The bill is also expected to bring systemic changes in terms of clarifying the obligation of entities bound to submit transfer pricing reports to provide the head of the tax office competent for the taxpayer with information on contracts with non-residents. Obligation to prepare and file a report on contracts entered into with non-residents will exclude entities required to establish transfer pricing reports under Article 23zf(1) of the PIT Act and Article 11t(1) of the CIT Act. This means that exemption from the obligation to prepare and file a report on contracts entered into with non-residents does not cover entities which, when submitting transfer pricing reports under Article 23zf(1) of the PIT Act and Article 11t(1) of the CIT Act, disclose tax haven transactions. Consequently, such entities, after meeting the statutory conditions provided for by the Polish Tax Code and the above-mentioned tax acts, will be required to submit both the ORD-U file and transfer pricing report.
Moreover, pursuant to the bill, the currently existing provision of Article 11k(2a) of the CIT Act (Article 23w(2a) of the PIT Act) will be transferred to the amended Article 11o of the CIT Act (Article 23za of the PIT Act).
Because of the retroactive effect of amendments to Article 11k(2a) and 11o of the CIT Act (Article 23w(2a) of the PIT Act and Article 23za of the PIT Act), adding relevant interim provisions to the bill seems justified. To prevent acting to the detriment of entities so far exempt from the obligation to submit ORD-U forms in the scope of controlled transactions carried out pursuant to Article 11k(2a) of the CIT Act (Article 23w(2a) of the PIT Act) in the wording in force before the date of entry into force of the bill, the transitional provision provides for keeping the exemption from the obligation to submit ORD-U file for entities engaged in the above-mentioned controlled transactions in the tax year beginning after 31 December 2020, but not later than 31 December 2022.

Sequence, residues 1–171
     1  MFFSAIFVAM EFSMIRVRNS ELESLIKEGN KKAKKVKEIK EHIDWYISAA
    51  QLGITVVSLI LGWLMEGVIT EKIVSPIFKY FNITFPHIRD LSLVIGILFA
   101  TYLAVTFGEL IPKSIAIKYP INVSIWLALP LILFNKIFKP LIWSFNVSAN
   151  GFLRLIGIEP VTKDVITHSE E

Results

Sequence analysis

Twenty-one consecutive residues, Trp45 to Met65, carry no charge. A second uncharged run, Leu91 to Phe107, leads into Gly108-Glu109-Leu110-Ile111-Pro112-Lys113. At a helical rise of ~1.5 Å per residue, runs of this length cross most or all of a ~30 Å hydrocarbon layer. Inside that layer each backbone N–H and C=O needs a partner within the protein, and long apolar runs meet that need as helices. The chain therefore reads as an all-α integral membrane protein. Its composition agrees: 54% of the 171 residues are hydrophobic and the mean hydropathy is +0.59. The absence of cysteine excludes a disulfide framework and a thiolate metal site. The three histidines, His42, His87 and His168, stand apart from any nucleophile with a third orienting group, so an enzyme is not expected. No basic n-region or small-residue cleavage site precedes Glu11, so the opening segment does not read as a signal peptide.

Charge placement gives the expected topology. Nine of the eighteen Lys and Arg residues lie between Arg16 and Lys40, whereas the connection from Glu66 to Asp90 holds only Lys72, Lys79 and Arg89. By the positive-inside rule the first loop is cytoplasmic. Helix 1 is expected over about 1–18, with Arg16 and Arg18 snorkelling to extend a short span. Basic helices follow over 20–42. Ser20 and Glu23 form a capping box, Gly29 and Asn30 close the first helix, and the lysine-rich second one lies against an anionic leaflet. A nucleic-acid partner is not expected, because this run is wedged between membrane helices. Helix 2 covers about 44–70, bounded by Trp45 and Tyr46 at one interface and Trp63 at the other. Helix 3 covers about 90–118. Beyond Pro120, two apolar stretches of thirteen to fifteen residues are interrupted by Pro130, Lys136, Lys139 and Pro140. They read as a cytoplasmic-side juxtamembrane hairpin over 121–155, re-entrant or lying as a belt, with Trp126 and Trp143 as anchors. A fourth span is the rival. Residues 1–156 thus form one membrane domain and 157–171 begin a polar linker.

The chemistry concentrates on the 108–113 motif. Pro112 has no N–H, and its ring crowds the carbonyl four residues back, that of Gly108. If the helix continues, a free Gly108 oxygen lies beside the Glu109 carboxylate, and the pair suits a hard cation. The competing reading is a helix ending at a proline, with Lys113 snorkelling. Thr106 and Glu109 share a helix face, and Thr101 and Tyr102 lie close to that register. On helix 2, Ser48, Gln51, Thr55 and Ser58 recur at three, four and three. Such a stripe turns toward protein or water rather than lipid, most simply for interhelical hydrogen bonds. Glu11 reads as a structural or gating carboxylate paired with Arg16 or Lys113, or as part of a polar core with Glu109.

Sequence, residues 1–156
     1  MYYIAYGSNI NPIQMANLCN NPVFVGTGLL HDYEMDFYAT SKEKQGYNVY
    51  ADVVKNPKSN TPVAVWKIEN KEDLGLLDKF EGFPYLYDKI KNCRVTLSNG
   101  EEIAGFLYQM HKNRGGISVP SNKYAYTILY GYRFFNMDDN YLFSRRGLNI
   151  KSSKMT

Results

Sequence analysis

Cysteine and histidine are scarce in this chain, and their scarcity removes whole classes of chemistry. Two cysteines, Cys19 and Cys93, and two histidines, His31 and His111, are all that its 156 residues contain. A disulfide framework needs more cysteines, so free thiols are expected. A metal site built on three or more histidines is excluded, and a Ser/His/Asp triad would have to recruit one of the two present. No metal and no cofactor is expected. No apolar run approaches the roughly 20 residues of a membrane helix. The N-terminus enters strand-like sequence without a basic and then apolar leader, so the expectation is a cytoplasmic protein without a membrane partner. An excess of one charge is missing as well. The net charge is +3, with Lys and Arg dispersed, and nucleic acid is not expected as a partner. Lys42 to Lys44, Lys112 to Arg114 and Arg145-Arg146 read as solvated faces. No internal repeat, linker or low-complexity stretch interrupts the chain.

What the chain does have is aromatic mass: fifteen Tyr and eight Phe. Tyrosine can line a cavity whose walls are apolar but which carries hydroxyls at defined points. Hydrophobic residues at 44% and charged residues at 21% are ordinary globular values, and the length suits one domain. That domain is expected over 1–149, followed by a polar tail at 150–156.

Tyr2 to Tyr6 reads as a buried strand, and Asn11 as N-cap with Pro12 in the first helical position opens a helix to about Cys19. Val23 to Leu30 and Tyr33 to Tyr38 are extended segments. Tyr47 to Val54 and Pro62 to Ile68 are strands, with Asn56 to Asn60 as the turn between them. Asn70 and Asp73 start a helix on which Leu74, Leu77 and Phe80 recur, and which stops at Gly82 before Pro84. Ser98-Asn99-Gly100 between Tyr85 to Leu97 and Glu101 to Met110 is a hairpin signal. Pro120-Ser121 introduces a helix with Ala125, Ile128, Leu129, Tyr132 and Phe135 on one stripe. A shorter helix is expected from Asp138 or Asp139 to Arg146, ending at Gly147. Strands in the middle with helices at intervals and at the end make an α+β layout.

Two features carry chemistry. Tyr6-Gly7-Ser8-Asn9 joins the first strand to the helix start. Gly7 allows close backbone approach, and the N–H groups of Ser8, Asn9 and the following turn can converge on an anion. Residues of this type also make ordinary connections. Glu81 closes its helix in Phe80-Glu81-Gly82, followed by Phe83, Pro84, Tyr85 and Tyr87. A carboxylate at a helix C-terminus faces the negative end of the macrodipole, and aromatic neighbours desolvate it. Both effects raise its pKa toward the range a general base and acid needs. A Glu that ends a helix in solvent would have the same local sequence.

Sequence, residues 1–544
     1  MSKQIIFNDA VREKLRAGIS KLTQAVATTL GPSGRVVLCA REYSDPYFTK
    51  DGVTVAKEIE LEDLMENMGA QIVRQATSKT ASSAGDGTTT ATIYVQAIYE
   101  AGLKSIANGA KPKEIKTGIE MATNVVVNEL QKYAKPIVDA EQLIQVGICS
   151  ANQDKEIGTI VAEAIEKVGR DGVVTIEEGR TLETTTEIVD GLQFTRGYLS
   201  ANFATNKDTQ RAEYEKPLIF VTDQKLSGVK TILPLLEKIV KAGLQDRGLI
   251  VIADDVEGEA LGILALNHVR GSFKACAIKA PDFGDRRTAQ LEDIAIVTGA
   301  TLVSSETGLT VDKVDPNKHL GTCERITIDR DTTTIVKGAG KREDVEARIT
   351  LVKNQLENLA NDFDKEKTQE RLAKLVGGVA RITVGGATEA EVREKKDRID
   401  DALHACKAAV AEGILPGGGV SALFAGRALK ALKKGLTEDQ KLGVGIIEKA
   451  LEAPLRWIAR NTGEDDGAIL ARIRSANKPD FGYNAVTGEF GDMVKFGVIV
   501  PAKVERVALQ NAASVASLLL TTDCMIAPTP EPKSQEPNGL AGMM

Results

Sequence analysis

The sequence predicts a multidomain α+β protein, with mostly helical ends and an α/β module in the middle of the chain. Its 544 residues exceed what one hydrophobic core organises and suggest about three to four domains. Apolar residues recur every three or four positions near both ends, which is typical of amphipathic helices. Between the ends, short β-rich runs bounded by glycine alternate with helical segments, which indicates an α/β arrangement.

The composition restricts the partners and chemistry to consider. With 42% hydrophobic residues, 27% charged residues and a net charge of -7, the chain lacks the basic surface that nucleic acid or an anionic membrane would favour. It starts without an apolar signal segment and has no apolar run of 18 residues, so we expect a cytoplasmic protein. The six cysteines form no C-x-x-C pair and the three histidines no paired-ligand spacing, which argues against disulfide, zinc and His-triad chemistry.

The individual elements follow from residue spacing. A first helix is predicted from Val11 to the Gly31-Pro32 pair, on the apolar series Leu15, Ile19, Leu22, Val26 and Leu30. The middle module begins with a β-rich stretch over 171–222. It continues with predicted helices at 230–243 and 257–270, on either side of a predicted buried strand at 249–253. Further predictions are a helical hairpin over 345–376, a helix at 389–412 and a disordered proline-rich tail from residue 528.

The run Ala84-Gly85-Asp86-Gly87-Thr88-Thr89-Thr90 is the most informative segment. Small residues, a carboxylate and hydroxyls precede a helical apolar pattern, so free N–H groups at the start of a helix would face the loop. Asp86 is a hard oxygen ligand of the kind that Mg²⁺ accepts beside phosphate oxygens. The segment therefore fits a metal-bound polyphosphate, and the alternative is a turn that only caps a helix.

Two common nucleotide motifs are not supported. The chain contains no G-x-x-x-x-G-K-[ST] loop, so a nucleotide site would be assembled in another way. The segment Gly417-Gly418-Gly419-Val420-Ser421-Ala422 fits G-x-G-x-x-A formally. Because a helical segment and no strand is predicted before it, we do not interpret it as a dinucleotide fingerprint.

17. Amendments to provisions of the Act on healthcare services (Act on healthcare services)
The bill brings amendments to Article 81(2zc) of the Act on healthcare services to rectify the situation of insured entrepreneurs (using the lump-sum scheme) who fail to provide ZUS (Polish Social Security Administration) with information on monthly revenue from business activity.
18. Clarification of provisions on settling losses by tax group members (Act of 29 October 2021)
The provision added to Article 69b of the Act of 29 October 2021 amending the Personal Income Tax Act, the Corporate Income Tax Act, and certain other acts (Journal of Laws, item 2105, as amended) concerns the principles of loss settlement in companies forming tax groups brought by this Act (effective as of 1 January 2022). When amended, these rules will apply to the so-called new losses of companies that make up tax groups, i.e., incurred in tax years starting after 31 December 2021 and further on.
19. Ordering amendment to the provisions of the PIT Act regarding statements and applications submitted by taxpayers for the purpose of collecting tax advances (Act of 9 June 2022 amending the PIT Act and certain other acts; Journal of Laws, item 1265)
The purpose behind the amendment is to clarify the provisions of the PIT Act on statements and applications submitted by taxpayers to remitters for the purpose of collecting tax advances, to make it subject - wherever possible - to the general provision of Article 31a of the PIT Act.
It is proposed to extend the list of exceptions provided by Article 31a(7) of the PIT Act to Article 41(11) of the PIT Act on non-application of 50% of tax-deductible costs by taxpayers referred to in Article 41(1) thereof, and to make it possible for the taxpayers to submit the relevant application according to the formula established by the Minister of Finance (amendment to Article 45b(1)(3) of the PIT Act).
20. Expected entry into force
The proposed amendments are to become effective on 1 January 2023, except for provisions within the scope of establishing Local Files for tax haven transactions. These provisions are to enter into force on the day of their announcement. This is necessary due to the possibility of retroactive use of new, more advantageous solutions by entities subject to reporting obligation by the end of 2022. The entry into force of these regulations on 1 January 2023 would deprive these entities of the possibility of applying more favourable solutions.